Lets start with some photos from the WWT London Wetland Centre. This was my first outing with my camera after exams and the weather even managed to work up some sunshine for me. I wanted to set out with a purpose in hand and so I set myself the task of trying to spot as many types of bumble bee as possible and try my best to ID them. For an extra bonus, there will also be a factoid for each bee type I managed to snap!

 Unlike some of my previous visits recently, where bee numbers had seemed a bit low to my amateur eyes, this time the flower beds were positively 'a-buzz'. The WWT centre has some great wildflower areas which are well worth a look :)

Buff tailed bumblebee

So here are some shots working my way through the wildflower beds. There were LOADS of buff tailed bumbles about. These a pretty big as bumble bees go. DID YOU KNOW? that buff tailed bumble bees are a major domesticated bee breed used for polination? Because of their widespread use, they are also banned from Oz incase they 'go native!' (

Honey bee? I'm not good with the little bees!

 Help! Anyone with a good, simple to use source for ID-ing little bees I would be very grateful :)

Carder bee

 Did you know? 'Carding' is a method of wool preparation and the bees get their name from the practise of scraping hairs from plant stems. (Certainly this applies to the wool carder bee - there is even a video online. I cant actually find somewhere which says that the common carder does it too) (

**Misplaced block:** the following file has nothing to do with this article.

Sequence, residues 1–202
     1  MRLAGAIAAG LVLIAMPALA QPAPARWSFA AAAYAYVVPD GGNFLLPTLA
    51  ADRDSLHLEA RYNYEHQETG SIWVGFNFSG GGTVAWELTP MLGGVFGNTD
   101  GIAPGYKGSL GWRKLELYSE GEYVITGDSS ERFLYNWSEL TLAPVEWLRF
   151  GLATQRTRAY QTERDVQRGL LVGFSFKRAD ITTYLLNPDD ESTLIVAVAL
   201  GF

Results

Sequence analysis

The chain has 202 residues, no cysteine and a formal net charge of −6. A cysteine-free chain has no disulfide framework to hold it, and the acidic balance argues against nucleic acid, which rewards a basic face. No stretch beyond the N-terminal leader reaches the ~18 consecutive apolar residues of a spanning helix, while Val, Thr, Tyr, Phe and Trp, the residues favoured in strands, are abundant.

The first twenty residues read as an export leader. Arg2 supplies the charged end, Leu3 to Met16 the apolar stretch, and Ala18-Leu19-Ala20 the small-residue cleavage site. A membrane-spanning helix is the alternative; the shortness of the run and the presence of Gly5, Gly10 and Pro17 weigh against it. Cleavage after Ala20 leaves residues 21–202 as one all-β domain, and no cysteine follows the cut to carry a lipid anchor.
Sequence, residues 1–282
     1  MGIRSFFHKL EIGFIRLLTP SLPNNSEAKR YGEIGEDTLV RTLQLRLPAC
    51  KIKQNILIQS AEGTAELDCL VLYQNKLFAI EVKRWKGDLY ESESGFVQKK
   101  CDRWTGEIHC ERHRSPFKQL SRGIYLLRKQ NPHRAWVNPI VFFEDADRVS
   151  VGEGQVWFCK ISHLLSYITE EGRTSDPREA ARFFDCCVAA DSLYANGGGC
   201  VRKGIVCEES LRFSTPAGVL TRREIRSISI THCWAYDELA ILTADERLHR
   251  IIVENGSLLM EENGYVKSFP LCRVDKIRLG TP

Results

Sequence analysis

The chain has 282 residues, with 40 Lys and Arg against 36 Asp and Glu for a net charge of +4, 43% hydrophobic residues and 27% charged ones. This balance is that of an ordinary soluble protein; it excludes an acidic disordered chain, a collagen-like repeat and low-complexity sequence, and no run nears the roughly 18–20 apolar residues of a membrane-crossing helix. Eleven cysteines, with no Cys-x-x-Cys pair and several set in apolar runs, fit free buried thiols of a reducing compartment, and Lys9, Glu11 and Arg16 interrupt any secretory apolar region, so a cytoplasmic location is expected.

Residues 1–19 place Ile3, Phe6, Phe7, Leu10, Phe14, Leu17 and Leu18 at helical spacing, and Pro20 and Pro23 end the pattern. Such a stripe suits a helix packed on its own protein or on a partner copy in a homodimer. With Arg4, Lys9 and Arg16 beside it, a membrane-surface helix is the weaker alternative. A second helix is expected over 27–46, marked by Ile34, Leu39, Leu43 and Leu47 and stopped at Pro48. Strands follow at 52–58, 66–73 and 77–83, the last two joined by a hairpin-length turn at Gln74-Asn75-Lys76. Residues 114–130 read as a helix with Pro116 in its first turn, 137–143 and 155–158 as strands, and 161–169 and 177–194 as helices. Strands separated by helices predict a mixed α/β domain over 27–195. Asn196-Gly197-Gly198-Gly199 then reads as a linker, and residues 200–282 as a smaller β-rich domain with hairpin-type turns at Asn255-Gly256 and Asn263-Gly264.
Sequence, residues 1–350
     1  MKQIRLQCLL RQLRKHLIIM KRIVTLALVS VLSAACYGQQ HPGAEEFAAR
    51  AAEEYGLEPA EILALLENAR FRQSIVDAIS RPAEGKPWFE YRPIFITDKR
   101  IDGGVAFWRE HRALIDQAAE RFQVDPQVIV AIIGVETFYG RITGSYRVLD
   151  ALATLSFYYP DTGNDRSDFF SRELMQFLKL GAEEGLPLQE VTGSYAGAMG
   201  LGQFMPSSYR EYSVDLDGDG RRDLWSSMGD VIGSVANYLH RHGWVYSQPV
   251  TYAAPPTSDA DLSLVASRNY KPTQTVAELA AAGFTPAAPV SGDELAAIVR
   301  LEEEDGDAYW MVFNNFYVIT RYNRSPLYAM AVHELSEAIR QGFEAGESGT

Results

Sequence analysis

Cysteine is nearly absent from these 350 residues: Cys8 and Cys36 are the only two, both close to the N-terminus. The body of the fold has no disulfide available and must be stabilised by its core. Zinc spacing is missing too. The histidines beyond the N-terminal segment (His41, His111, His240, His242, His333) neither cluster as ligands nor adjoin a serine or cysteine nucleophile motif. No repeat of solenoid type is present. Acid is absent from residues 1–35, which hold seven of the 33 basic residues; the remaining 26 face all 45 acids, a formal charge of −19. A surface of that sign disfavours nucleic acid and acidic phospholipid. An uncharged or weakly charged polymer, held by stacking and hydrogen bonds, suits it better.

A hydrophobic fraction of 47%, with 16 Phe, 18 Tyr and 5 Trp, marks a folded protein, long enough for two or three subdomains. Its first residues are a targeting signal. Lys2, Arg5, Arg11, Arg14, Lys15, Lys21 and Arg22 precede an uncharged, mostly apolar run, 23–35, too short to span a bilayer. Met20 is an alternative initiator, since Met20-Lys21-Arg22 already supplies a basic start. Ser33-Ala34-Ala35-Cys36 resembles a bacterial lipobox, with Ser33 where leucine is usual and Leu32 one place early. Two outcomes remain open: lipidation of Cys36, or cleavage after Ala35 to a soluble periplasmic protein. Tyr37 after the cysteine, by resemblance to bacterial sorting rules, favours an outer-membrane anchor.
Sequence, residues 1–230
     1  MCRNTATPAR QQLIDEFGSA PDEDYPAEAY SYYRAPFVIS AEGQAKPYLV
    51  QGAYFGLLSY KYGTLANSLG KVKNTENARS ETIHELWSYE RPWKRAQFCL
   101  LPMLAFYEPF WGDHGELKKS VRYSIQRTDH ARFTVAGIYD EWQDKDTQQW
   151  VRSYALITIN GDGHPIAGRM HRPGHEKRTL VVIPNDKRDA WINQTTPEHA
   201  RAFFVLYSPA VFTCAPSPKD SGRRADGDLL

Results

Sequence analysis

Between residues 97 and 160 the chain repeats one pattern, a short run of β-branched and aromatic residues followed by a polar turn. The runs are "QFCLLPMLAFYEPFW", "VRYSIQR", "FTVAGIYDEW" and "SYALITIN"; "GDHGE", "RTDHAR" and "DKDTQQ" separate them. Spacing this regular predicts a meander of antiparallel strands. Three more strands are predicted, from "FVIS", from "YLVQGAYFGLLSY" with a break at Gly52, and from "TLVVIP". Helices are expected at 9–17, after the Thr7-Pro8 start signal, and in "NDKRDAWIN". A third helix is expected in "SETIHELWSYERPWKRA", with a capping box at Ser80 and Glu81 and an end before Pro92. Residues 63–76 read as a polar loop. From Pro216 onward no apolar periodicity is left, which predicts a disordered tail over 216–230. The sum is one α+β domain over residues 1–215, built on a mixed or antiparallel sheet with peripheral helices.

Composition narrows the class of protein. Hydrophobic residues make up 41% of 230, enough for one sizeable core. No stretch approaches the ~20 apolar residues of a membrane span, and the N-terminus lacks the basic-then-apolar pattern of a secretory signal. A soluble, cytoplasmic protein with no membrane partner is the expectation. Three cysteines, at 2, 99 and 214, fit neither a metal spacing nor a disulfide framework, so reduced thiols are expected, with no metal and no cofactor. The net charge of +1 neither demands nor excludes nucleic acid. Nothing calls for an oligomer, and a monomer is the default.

I think this is a white tailed bumblebee, but it might be another buff?

Did you know? Buuf and white tailed bumblebees are NECTAR NINJAS.....  if a flower is too long for them to get the yummy nectar from within, they will nibble a little hole further down to gain access to their tasty treat! (

Another red tailed bumble I think :)

So just to finish, here are 3 more bumbles I snapped.... scroll down for an IMPORTANT BUTTERFLY ANNOUNCEMENT

Carder bee?

Carder bee


Few bugs are able to get such a positive reaction of wonderment from humanity like a butterfly. Their colours, patterns and graceful fluttering through the air has a magical effect on us all. BUT like all of us, they are having to deal with climate change. To help keep tabs on all our lovely butterflies, the BIG BUTTERFLY COUNT is underway! 

IT IS SO EASY TO GET INVOLVED! All you need is 15mins set aside to be outside spotting butterflies. Not a very big ask in the sceme of things eh?!

You can find details here:

Here are some photos from my big butterfly count that I did in the countryside near Oxford. I saw a whole host of meadow browns as well as one large skipper and a marbled white. The big butterfly count website has a great spotters guide to help make the IDs!

Meadow Brown

 Marbled white

Just to wrap up, a few other 'misc' photos from the past few days. I hope you have enjoyed todays blog post. Do post if you have any comments/identifications! Also, if anyone wants to set me a photographic challenge for my next WWT centre visit, feel free! 

Untill next time...

 *Hover hover*

 A bug. Nice snap though!

Can anyone ID this bee?

ALL IMAGES © William Bermingham 2012